When we started to put our first questionnaires out, we quickly found ourselves in very good company. Also other teams had started to set up trackers and put them online, advertising them in social media. Their goal: collect anonymous health data to better inform models and put decisions about public health in this times of a pandemic onto a better statistical footing. Well, this was exactly the same goal as the one we had! It was great to see so much initiative from like minded people, most of them working on this in their free time. However, there was also a downside. Many participants approached us and were puzzled that there were so many parallel efforts. Should they fill out multiple surveys? How do the questions in different pages relate to each other? Is the data shared somehow? Would it hurt if they provided data to many projects? These and many more questions reached us and we realized it made no sense to ask the Swiss public to follow various trackers and provide their data multiple times. So what should we do?
Each of the different projects had their specific benefits. While one had a nicely streamlined questionnaire that one could answer intuitively within a few seconds, the other had a much more detailed survey asking many medical details that could help build scientific models. One started to visualize data and connect data points over time, the other had reached out to public health officials and was much closer to put the data to use and inform public health management. One provided more languages, while the other one was clearly more scalable. We could go on and on and on. Just continuing as single projects, would have been a big loss - there was too much one could learn from another. So we decided it would be best to call for a joint effort and invite everybody to push into one direction. And lastly: having more people working on the same project brings us all closer to our goals more quickly.
So we had made the decision to join efforts. But what does that actually mean? Some people approached us and recommended to just throw all data into the same pot and be done with it. Unfortunately, it is not that easy. As always, many different stakeholders had all kinds of different interests that all wanted to be met. We wanted to collect data that is useful for public health management but can also be used to improve epidemiological models. We wanted to make as much data publicly available as quickly as possible, but also wanted to work within the tight privacy and ethics frameworks that are necessary for any collection of health-related data.
To meet all these requirements and align them in a coordinated manner, we put our focus onto two things: a consortium agreement and a joint ethics proposal to the ethics board of the ETH Zurich. We were very lucky to have the ETH technology transfer team on our side and to have the full support of the Canton of Bern. In normal times, setting up consortium agreements can go on for months. But this was time we did not have. In only two days, the ETH technology transfer team had drafted an agreement and in another two days, we had circulated it amongst all project partners, collected feedback and were able to agree on a final document, which was signed by all parties on April 7th. The agreement makes sure that data can be shared with research and public health management, that ethics and privacy regulations are met, outlines how publication of data and insights is handled, ensures that the data cannot be used commercially, and regulates many more details. Most importantly, it provides a way for other efforts to join the consortium, collect data into the same pot and make sure all requirements are met. Speaking about requirements. In parallel to the consortium agreement, we reworked the existing ethics proposal so it would reflect the new circumstances and filed it to the ethics board for further review. Again, all this was done within a week and would not have been possible without the tremendous support of many institutions and volunteers. But this was only the administrative part …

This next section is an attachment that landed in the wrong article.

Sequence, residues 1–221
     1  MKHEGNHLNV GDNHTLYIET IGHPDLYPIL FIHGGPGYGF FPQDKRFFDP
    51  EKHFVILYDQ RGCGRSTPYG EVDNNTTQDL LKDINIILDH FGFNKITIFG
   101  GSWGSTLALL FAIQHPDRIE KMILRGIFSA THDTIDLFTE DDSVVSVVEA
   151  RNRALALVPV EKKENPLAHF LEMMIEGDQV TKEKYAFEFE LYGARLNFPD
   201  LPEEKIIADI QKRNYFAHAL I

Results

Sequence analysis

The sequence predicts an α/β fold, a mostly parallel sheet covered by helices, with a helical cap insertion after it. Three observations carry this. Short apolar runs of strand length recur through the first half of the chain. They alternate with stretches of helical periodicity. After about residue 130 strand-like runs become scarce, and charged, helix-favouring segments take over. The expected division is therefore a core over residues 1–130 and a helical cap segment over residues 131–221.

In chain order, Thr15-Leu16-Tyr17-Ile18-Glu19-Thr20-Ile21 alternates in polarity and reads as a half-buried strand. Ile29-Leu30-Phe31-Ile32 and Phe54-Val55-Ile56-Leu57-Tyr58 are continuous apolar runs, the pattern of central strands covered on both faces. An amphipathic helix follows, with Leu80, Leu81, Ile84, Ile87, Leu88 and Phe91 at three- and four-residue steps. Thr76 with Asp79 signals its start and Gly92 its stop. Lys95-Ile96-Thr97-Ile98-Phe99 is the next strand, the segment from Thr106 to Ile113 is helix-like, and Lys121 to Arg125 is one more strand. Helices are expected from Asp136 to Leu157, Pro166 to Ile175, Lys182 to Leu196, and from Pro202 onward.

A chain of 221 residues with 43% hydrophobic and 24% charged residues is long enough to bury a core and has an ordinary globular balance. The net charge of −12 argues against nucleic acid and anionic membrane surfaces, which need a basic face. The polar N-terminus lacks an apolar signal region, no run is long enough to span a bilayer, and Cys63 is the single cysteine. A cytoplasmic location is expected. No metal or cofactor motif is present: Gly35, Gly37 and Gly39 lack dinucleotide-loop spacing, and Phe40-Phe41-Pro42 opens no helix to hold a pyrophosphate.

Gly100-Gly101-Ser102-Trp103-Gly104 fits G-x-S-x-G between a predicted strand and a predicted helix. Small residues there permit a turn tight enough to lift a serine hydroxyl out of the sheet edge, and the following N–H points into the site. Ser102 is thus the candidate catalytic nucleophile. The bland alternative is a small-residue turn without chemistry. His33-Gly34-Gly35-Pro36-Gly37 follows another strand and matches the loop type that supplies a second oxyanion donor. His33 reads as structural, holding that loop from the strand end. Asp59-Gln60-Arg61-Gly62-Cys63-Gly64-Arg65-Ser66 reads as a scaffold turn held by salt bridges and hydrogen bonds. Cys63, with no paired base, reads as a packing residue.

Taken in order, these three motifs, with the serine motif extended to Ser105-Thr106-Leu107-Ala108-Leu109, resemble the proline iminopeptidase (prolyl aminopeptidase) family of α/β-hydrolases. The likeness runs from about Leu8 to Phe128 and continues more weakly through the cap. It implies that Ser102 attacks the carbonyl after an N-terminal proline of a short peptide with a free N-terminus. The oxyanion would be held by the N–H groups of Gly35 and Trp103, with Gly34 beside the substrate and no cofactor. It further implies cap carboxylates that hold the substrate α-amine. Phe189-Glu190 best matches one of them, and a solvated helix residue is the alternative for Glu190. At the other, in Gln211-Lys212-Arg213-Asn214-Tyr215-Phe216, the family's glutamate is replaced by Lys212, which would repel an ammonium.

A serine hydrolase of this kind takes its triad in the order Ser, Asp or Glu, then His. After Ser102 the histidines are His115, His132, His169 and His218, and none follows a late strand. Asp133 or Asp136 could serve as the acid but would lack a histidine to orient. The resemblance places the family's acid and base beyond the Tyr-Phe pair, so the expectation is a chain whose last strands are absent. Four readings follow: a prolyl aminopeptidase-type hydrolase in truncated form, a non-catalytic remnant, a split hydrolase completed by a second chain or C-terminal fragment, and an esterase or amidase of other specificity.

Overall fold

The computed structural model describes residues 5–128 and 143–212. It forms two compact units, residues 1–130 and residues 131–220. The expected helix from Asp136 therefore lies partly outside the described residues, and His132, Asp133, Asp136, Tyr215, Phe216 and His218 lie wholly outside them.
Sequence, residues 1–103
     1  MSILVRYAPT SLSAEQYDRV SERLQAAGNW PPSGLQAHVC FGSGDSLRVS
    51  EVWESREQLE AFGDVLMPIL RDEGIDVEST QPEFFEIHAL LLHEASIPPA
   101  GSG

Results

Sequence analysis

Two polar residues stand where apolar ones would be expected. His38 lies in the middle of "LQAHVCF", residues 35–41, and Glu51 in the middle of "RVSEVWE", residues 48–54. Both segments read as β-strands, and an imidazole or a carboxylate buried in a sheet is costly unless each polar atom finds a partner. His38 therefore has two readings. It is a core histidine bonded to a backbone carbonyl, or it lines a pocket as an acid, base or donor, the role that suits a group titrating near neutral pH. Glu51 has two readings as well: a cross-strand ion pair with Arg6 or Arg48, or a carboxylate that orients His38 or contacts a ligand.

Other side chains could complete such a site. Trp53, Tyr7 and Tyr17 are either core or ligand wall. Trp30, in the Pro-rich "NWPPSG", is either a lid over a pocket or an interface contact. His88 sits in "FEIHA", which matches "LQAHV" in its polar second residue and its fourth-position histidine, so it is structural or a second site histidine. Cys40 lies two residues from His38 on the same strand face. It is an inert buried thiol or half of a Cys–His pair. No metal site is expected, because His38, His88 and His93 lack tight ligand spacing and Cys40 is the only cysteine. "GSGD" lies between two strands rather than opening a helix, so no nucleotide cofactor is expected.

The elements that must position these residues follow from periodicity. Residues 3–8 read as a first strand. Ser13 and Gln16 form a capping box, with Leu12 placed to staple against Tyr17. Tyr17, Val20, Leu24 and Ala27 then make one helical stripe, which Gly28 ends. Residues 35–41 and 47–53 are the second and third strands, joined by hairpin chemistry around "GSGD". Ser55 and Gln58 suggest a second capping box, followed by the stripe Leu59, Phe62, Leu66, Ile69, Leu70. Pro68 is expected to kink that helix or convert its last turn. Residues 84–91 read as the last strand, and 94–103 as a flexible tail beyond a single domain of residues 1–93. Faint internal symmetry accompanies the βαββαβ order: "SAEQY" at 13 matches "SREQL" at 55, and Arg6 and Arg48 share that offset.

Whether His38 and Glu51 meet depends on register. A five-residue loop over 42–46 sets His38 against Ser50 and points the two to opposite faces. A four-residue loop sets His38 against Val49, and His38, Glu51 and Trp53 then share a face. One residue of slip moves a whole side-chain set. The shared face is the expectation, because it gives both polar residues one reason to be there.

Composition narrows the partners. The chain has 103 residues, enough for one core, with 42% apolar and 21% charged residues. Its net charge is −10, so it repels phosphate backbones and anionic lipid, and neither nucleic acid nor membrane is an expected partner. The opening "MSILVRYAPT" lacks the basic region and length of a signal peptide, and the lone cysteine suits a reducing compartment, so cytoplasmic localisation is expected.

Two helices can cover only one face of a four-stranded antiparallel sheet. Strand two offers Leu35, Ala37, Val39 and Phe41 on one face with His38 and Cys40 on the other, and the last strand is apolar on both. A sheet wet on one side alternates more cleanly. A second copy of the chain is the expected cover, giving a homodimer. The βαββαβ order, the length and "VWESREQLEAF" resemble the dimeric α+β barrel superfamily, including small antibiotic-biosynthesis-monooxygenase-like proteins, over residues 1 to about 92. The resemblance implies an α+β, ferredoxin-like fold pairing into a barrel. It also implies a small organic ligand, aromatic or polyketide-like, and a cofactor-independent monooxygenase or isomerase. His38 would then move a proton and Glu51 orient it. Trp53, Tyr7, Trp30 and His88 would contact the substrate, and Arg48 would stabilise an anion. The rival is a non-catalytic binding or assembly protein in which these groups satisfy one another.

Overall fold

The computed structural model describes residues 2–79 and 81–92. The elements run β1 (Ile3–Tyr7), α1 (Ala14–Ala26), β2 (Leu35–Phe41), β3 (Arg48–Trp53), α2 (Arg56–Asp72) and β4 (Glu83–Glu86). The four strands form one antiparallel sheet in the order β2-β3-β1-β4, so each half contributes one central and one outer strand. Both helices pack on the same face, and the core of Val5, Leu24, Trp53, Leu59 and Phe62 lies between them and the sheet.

While on paper we were now allowed to exchange data and there was a plan to make a joint collection, there were still multiple web pages, multiple databases, multiple designs, … With everybody working from their homes, it took us a row of conference calls to decide how a unified solution would look like: to draft how to design the layout, to agree on a joint questionnaire, to discuss how to port features from one project to another and how to jointly develop. We invited each other as collaborators to our code repositories, discussed frontends, backends, databases, design goals, translations, cats, … In the end, we believe that we have chosen the best bits and pieces from all projects and have brought them together into the new covidtracker.ch: a thoroughly checked, ethics approved questionnaire, presented in a slim and streamlined design, supported with a powerful, scalable backend.
After this stressful but very exciting time, we are now happy to focus on our future collaboration. There are so many directions to explore and things to improve. We want to have a statistical analysis of the first batch of data. We want to improve how data is shared with the public and with public health management. We want to further spread the word and let people know about our effort. You can help us with all these goals! Do you have questions about the science? Reach out to us! Do you have further ideas or suggestions for improvement? Reach out to us! Do you think this is a good idea and want to spread the word? Reach out to everybody you know!